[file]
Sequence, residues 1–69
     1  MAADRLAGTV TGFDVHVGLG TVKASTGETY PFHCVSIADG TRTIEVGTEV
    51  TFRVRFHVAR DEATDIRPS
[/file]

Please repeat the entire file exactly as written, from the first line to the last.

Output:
Sequence, residues 1–69
     1  MAADRLAGTV TGFDVHVGLG TVKASTGETY PFHCVSIADG TRTIEVGTEV
    51  TFRVRFHVAR DEATDIRPS